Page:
Going digital: it's not about money, it's about intentions

Date: October 7, 2023.
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In today's world, where cause and effect relationships are more complex and less apparent, it is not easy to make the right decisions. Because you need accurate information to do that.

Even though economic activities are carried out by companies that must be selective when it comes to information, it is not the companies that organise these activities.

Parliaments, the state itself or the state-controlled regulatory authorities are the ones that make the regulations. These are mechanisms that do not need factors such as competition, profitability and efficiency to survive, yet they decide how these factors should be tackled.

From banking to energy markets, most regulatory authorities were privatised and made "autonomous" in the 1980s. But in the 21st century, they have all become inefficient and cumbersome, even arbitrary when exercising the power invested in them.

As years passed and economy grew, they grew too, but only in terms of the number of their employees and the size of the buildings in which they operate.

They began to overwhelm the economy with their ever-growing budgets, whereas they should have made sure that companies operated profitably and efficiently.

Because, success in the 21st century requires:

- Creativity

- Use of Technology

- Innovation

- Know-How

The mistake of the developing countries was that the decision makers at government level provided incentive and support to businesses without listening to the market carefully, nor considering the realities.

Their decisions were rather driven by the established concerns in the bureaucracy. That is the reason why the mechanisms imposed by Western democracies today do not work properly in developing countries. Because in these countries, the executives of autonomous organisations are loyal to those who appointed them rather than being responsible and dutiful.

The business world, which is aware of this flaw, manipulates politics to ensure that its demands are met by the government. Obviously, a business world that does not like competition at all and the principle of "creating value through competition" is an impossible match.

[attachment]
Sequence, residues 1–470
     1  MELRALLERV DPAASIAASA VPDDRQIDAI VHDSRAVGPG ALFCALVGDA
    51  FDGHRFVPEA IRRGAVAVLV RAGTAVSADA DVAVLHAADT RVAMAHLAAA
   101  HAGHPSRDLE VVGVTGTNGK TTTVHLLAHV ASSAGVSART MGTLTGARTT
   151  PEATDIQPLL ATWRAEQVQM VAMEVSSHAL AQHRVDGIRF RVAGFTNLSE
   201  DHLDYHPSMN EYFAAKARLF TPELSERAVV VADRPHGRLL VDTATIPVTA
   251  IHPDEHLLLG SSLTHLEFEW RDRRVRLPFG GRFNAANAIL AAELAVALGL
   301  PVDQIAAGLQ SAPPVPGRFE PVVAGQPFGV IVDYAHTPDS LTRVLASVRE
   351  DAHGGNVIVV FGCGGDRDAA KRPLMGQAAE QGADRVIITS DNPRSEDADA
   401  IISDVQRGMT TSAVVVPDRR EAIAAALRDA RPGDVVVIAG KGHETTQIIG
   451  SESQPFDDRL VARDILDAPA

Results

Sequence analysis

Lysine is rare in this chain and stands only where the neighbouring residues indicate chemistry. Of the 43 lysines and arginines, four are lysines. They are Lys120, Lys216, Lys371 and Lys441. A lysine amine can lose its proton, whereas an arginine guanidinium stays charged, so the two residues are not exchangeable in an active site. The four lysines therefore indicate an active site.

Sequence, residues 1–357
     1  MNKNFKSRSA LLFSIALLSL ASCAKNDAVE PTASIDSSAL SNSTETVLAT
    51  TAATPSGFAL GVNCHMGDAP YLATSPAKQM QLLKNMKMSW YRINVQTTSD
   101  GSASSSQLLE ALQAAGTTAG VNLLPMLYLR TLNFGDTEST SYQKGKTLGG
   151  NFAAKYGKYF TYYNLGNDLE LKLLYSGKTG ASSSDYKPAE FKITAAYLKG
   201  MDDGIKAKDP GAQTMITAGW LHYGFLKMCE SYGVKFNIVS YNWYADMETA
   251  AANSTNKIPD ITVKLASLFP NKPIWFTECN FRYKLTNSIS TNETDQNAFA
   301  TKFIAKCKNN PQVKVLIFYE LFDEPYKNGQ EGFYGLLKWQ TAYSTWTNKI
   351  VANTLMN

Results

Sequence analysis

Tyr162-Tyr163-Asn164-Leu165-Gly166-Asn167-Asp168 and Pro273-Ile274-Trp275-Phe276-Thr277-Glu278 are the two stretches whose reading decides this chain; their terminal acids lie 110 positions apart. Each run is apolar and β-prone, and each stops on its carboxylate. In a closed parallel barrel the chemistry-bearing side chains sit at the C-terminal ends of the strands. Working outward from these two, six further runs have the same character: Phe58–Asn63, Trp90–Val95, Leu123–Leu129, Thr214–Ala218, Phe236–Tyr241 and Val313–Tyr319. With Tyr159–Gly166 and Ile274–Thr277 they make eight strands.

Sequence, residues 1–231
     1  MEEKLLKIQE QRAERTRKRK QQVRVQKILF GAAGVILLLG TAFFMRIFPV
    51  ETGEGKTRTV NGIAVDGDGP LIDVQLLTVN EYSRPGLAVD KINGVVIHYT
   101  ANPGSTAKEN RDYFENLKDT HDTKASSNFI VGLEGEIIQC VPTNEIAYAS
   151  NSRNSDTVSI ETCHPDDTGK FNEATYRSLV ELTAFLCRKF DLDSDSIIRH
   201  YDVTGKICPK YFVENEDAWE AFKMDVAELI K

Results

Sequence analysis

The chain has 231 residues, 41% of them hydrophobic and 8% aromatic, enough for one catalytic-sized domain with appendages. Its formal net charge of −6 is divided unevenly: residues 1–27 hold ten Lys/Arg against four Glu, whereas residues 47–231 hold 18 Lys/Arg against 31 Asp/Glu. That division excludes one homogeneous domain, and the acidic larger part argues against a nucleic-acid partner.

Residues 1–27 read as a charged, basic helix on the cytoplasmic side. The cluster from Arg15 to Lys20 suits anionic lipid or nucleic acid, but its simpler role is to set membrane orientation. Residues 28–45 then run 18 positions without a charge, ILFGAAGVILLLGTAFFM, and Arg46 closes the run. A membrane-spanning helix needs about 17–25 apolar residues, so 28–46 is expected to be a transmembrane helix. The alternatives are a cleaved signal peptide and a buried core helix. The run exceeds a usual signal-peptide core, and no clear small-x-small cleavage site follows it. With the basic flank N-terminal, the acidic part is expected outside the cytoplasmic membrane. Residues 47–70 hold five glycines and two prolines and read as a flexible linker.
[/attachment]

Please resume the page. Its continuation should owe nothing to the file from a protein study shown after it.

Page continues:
In a centralised decision-making system, no one dares to mention the potential harms of short-sighted and superficial solutions

"Turning ideas into reality" should be at the centre of all activities. But we should always remember that correct ideas are formed only through correct information. Reports prepared by speculation or by torturing mathematics lead to nothing but wrong decisions.

In a world where democracy and free will are gradually killed off by an appetite for "centralist decision-making", overambitious leaders who want to have control over everything do not have time to listen to anyone for more than 5 minutes.

So they make decisions based on the opinions of the people whom they see the most and talk to the most when they are at the office.

In a centralised decision-making system, which does not allow any matter to be discussed more than once - no one dares to mention the potential harms of short-sighted and superficial solutions.

Mistakes are sometimes avoided only by luck. You tell me how wise it is to let forces outside of your control determine the outcome of your decision?

As technological advances are trying to minimise human error, governments in developing countries insist on legislation that is too complex and too vague to be managed digitally.

The law does not make clear that who has what rights, it is not determined according to market realities, and, worst of all, it is at the discretion of decision makers most of the time.

Due to constantly changing legislation, the number of "intermediaries" grows and the cost of works increases due to informal payments. Therefore, digital transformation is a matter of intention rather than a matter of money.

The central administration uses high technology to monitor people, not to ensure productivity

In such countries, the central administration uses high technology to monitor people, not to ensure productivity. As I stated in my previous article, this monitoring is useful in rare examples such as China to measure the effectiveness of the decisions.